Not only bees … insects and why they matter
The downside to wishing bugs would bugger off is what happens when they do. Where do they bugger off to? Others would say the consequences would be obvious to anyone who had any idea of how the food chain works – it’s basic biology.
This story comes from ABC Foreign Correspondent reporter Eric Campbell (Insectageddon, ABC tv, Remember when a country drive ended with the windscreen covered in smashed insects? Ever wondered why that seems to happen less these days? says the program trailer script. Now a landmark German study has come up with a possible explanation. Conducted over thirty years, scientists in the city of Krefeld have documented a collapse in that country’s insect population. Those findings are backed up by another study across the border in the Netherlands which concludes a sharp drop in wildlife populations.
The scientists are warning that a crash of insect numbers could directly threaten not only the birds and other animals which prey on them but also, the plants that rely on them for pollination. “About 80% of our crop depends on insects for pollination. 80% of the wild plant species as well”, explains Professor Hans de Kroon from the Netherlands’ Radboud University. “If we are losing that, we are losing the ecological foundation of ourselves.”
” …. in October 2017 they were able to report a stunning finding. In the course of 16,900 days of standardised sampling, flying insect numbers had crashed by three quarters,” reports Campbell.
These were shocking findings. “And it’s shocking because a healthy environment depends on a healthy insect population. They keep weeds in check, dispose of dead animals, pollinate plants, and feed birds and frogs and other animals right up the food chain. Our very existence depends on creepy crawlies.
German entomologist, Martin Sorg: “Declines in biodiversity are a very serious thing and we should be worried, yes.”
Campbell travels to the Netherlands and Bavaria as part of the report, and then to the UK where he meets up with Professor Dave Goulson, Sussex University who has been studying the Krefeld report with dismay. He’s professor of biology at Sussex University and he fears society is headed for the silent spring that Rachel Carson warned of.
Professor Dave Goulson: “It’s like deja vu, you know, we’re going round in circles here. It’s nuts. She saw what was happening all that time ago and we banned a whole bunch of pesticides as a result, but then we introduced new ones to replace them, many of which then eventually we banned. So we introduced even more, including the Neonicotinoids, and 20 years on into their use, we’re starting to realise that they too are harming the environment. The whole system of having a way of farming which is entirely reliant on chucking on bucket loads of chemicals is not sustainable. We are going to wipe out insect life if we carry on this way.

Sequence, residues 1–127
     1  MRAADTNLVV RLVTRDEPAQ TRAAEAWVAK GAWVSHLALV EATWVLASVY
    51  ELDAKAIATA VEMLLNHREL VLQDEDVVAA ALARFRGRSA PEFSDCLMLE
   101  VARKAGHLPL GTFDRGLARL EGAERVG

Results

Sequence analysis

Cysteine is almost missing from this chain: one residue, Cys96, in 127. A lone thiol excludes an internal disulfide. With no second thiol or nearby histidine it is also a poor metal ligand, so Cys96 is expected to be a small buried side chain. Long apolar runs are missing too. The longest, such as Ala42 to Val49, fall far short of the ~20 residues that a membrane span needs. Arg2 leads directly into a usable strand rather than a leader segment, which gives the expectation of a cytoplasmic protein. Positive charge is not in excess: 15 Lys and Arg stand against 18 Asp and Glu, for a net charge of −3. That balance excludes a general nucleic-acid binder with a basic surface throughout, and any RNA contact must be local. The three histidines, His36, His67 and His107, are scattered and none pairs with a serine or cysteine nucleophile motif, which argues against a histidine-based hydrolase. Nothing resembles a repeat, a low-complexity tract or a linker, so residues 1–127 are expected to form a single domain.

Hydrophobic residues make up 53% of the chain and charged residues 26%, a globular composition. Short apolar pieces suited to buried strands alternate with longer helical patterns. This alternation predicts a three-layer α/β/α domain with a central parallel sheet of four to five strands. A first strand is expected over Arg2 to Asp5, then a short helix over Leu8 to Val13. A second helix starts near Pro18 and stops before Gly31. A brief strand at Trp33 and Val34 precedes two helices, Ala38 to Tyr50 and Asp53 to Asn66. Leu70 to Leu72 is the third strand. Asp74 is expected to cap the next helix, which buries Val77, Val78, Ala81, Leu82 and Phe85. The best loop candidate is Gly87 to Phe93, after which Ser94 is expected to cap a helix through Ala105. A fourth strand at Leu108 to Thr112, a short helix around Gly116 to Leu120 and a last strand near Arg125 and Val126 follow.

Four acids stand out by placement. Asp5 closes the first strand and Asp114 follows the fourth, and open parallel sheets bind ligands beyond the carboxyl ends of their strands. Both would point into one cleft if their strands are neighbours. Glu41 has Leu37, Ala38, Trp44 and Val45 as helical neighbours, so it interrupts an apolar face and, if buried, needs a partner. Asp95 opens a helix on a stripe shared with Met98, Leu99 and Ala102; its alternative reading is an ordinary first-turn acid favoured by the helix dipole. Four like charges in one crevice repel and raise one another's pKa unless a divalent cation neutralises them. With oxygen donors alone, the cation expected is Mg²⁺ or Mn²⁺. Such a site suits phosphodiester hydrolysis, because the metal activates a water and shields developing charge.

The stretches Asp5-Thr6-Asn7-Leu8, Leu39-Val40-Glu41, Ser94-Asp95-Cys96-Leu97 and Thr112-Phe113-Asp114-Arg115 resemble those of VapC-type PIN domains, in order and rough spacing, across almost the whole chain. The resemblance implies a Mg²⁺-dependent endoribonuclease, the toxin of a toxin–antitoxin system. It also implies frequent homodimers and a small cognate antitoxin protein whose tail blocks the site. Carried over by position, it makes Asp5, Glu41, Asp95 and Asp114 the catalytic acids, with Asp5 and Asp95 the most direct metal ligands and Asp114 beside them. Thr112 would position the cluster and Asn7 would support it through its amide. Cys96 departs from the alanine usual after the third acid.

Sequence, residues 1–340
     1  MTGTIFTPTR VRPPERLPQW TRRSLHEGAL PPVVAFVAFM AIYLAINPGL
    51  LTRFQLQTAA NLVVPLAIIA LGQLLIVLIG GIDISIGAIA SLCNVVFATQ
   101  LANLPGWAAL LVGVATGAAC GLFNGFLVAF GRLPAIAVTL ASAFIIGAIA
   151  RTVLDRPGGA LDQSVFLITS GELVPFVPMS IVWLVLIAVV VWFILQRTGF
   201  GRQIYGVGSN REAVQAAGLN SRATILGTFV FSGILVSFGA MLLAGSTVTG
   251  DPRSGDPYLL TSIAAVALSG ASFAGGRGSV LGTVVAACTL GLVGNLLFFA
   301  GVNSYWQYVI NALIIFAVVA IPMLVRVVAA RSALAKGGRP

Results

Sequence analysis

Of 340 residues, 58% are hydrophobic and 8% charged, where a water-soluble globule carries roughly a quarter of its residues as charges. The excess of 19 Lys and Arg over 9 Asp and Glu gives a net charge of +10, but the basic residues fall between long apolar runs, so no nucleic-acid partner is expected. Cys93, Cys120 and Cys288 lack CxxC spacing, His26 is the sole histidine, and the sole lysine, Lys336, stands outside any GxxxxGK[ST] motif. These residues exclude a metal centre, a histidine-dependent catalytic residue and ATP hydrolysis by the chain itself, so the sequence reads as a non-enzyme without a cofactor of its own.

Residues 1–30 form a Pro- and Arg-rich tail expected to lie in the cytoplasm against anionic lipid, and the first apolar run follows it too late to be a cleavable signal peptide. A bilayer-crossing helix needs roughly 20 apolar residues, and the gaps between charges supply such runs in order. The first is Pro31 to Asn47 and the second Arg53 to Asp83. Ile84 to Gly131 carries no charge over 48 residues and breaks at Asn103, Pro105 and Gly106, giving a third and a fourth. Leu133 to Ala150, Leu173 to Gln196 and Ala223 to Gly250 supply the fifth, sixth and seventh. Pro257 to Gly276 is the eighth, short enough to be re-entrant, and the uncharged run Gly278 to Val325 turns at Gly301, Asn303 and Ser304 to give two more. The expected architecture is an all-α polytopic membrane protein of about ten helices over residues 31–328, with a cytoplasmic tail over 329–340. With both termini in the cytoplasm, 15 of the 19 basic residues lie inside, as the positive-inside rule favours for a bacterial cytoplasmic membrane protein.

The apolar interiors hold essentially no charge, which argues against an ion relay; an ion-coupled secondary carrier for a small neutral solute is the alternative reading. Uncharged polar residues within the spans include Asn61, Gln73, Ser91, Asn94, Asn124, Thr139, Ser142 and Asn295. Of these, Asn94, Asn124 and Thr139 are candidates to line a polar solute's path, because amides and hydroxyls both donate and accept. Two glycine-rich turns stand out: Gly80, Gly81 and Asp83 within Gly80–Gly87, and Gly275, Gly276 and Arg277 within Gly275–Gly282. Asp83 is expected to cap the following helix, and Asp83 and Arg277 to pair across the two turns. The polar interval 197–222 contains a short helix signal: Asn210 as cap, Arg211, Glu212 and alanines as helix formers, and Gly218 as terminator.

But Goulson is not giving up yet. His back garden is a showcase of what individuals can do … creating organic habitats for insects and letting nature take its course. “Bee friendly, butterfly friendly. Nature friendly, actually; it isn’t just about bees, it’s about everything, birds and everything else that makes up a natural healthy ecosystem, if you like.”
In answer to the question from Campbell: “So how do you do that?” Goulson replies: “Don’t be too tidy. Don’t mow all the time. Grow lots of the right kinds of flowers.”
“One of the reasons bees are struggling in the modern world is there aren’t many flowers. Modern farmland is pretty flower free and it’s a really nice thing that you can do in your own garden. Lupin is brilliant, lavenders, lots of herbs, things like marjoram and thyme and sage, rosemary, they’re all really good for bees and you can cook with them as well, so what’s not to like?
“One thing you won’t find here is insecticide,” says Eric Campbell.
“Just don’t, is my advice. I’ve got a big garden that I somehow manage to produce lots of fruit and veg, lots of pretty flowers and I don’t use any pesticides. I haven’t done for years, and I’m not alone, France recently banned pesticides for use in urban areas.” Eric: Really?
“Completely, the whole country. So, you know, Paris from now on, I bet you it’ll still look just as beautiful, all the parks and everything. They’re not going to be overrun with dandelions and cockroaches. I’m sure. Some cities did this years ago. Toronto banned pesticides more than a decade ago and Toronto is still standing. We could get rid of pesticides completely from our cities and it would be good for bees and butterflies and good for people too.”
Given the right land zoning, Munibung Hill could be a safe haven for insects that are vital species within the ecological matrix.
Watch the program on iView here: Insectageddon, ABC Foreign Correspondent